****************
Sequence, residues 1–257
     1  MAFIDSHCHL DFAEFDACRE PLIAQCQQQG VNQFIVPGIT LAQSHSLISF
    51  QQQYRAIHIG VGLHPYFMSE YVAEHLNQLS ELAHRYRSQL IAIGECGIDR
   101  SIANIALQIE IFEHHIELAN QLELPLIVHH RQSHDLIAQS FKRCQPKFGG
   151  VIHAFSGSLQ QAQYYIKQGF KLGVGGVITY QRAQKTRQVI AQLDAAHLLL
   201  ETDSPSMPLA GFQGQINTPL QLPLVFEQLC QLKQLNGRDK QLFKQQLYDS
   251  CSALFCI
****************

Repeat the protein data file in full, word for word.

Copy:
Sequence, residues 1–257
     1  MAFIDSHCHL DFAEFDACRE PLIAQCQQQG VNQFIVPGIT LAQSHSLISF
    51  QQQYRAIHIG VGLHPYFMSE YVAEHLNQLS ELAHRYRSQL IAIGECGIDR
   101  SIANIALQIE IFEHHIELAN QLELPLIVHH RQSHDLIAQS FKRCQPKFGG
   151  VIHAFSGSLQ QAQYYIKQGF KLGVGGVITY QRAQKTRQVI AQLDAAHLLL
   201  ETDSPSMPLA GFQGQINTPL QLPLVFEQLC QLKQLNGRDK QLFKQQLYDS
   251  CSALFCI